BP Breitburn Energy
Campanero Energy Carr Resources, Inc.
Chesapeake Energy Chevron
Cobalt International Energy ConocoPhillips
Crusader Energy Enbridge
Encore Operating Co. EOG Resources
Grand Energy, Inc. Helm-Gartner Oil
Hess Corp. Hunt Oil Company
Hurd Enterprises, Ltd Jones Energy, LTD
Legado Resources, LLC Marion Energy, Inc.
Miller Energy Inc. Newfield Exploration - Mid-Continent Inc
Noble Energy OXY
Pioneer Natural Resources RAM Operating
Repsol USA Riley Exploration Group
Rosewood Resources, Inc. Running Foxes Petroleum
SandRidge Energy SB Energy Partners
Southwestern Energy Stalker Oil and Gas
Statoil Stephens Production Company
Strand Energy, L.C. Texarkoma Operating L.P.
Texas American Resources Unit Petroleum
Whiting Petroleum Corp Wynn Crosby Energy

 

Assistance to Operators

 

A variety of oil and gas companies request reservoir characterization and exploration assistance from STARR. STARR geologists and engineers provide assistance and advice to companies on: optimal development strategies; reservoir heterogeneity and their effects on oil and gas recovery; and evaluation of exploration targets. Over the last 20 years, the STARR program has completed or is currently working on more than 60 field (reservoir characterization) and more than 15 regional studies with over 50 Texas oil and gas operators. In the the 2014-2016 biennium, the STARR program conducted more than 20 field studies and eight regional studies. Key projects included studied of the prolific Wolfcamp and Spraberry Formations that have played a major role in dramatic increase in the oil production in the Permian Basin over the last few years. Incremental severance-tax revenue (as credited by a formula created by the Texas Comptrollers Staff) in the Permian Basin from STARR projects during the 2014-2016 biennium amounted to over $17 million from increased oil production and approximately $4 million in additional gas production.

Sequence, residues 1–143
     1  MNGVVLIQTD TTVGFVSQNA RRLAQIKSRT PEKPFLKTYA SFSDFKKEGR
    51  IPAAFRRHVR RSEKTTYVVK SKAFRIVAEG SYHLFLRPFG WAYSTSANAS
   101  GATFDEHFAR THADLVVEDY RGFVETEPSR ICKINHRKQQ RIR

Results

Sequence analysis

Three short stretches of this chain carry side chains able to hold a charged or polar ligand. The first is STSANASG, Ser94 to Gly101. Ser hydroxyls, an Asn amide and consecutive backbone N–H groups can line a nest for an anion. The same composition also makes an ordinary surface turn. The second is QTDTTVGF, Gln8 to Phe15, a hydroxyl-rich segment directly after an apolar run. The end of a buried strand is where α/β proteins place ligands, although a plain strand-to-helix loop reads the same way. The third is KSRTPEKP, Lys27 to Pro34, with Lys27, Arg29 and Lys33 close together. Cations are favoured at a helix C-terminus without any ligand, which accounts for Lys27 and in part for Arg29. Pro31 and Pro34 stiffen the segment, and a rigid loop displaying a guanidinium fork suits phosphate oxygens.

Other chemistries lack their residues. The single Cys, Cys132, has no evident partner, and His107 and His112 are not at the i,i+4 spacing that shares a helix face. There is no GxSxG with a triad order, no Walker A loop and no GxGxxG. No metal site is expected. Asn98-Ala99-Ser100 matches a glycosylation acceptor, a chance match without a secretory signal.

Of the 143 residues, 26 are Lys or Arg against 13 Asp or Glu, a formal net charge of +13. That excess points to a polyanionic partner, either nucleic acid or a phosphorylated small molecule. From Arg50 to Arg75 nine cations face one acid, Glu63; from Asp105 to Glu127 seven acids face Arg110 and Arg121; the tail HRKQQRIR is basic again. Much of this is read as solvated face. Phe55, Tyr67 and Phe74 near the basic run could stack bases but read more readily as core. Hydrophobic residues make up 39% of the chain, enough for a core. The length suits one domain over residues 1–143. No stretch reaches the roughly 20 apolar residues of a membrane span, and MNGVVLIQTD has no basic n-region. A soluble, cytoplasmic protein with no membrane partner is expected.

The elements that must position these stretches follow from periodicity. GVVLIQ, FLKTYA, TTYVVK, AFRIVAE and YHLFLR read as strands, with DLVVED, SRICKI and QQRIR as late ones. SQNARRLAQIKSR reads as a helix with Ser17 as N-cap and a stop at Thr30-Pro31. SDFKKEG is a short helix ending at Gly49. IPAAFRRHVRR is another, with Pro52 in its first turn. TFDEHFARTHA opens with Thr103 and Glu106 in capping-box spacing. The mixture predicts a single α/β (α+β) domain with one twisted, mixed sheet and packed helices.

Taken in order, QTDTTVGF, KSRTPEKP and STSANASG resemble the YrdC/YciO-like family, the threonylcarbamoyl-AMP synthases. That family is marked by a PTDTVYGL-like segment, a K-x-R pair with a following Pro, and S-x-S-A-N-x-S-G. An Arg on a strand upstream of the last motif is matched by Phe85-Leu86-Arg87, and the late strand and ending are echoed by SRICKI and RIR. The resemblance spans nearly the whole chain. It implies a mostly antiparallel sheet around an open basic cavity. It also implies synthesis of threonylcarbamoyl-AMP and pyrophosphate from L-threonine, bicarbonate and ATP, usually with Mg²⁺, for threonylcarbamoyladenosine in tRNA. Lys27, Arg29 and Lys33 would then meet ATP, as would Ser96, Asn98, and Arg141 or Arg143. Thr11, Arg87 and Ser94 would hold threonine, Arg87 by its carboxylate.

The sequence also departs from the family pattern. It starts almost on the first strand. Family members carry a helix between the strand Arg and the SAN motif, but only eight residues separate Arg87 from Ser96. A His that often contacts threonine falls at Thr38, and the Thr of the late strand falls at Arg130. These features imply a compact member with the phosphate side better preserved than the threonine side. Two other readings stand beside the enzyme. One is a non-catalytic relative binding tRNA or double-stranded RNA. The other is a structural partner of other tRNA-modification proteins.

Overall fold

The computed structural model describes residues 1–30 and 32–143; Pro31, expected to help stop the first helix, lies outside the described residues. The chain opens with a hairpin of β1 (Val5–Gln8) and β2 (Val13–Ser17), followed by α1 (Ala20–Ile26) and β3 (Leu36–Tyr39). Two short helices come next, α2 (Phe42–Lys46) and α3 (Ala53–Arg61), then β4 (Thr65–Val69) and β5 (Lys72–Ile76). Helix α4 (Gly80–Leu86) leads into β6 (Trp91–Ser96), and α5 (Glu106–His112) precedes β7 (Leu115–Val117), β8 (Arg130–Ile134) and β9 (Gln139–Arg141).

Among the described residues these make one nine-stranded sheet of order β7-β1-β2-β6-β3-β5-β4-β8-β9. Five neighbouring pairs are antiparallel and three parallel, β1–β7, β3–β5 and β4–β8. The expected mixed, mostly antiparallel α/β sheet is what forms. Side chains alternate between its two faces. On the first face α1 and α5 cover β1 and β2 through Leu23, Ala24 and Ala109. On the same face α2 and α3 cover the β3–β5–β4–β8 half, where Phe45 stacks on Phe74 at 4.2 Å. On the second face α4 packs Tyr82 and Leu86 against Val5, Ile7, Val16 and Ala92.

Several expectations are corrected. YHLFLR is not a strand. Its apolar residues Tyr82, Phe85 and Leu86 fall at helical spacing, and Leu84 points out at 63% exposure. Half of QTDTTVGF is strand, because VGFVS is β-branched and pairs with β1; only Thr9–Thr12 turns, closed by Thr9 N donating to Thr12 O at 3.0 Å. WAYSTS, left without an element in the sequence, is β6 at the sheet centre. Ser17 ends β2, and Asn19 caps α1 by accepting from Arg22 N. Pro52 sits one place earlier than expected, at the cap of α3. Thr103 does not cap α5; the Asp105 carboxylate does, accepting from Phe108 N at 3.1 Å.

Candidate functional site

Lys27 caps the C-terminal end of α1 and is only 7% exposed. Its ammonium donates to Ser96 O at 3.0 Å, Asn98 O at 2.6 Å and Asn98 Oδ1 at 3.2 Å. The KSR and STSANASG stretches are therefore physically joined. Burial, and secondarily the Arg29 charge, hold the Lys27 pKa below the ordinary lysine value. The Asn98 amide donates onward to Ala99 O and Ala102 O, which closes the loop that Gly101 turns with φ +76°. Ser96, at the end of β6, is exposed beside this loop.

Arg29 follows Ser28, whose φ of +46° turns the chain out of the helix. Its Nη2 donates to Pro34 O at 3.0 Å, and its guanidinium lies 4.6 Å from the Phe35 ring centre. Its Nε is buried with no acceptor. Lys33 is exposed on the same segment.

STARR Reservoir Characterization Studies

 

STARR Regional Studies

 


The STARR Philosophy

The philosophy of the STARR program is to work with oil and gas operators in the state of Texas to:

  1. Deploy advanced recovery strategies and newly developed technologies on a field-by-field basis to ensure maximum recovery efficiency;
  2. Encourage exploration in under-developed areas or new plays;
  3. Exploit unconventional hydrocarbon resources.

STARR provides technical support, identifying opportunities for increased production and associated reserves. These areas are then drilled by cooperating companies. STARR personnel provide assistance and advice to numerous operators on optimal development strategies, appropriate well-log suites, styles of reservoir heterogeneity and their effects on oil and gas recovery.

STARR works with oil and gas operators in the state of Texas. The most volumetrically significant oil and gas resources in Texas are in the Gulf Coast and the Permian Basin (see figure below), although STARR’s area of operations encompasses the entire state. 

Oil & Gas Map of Texas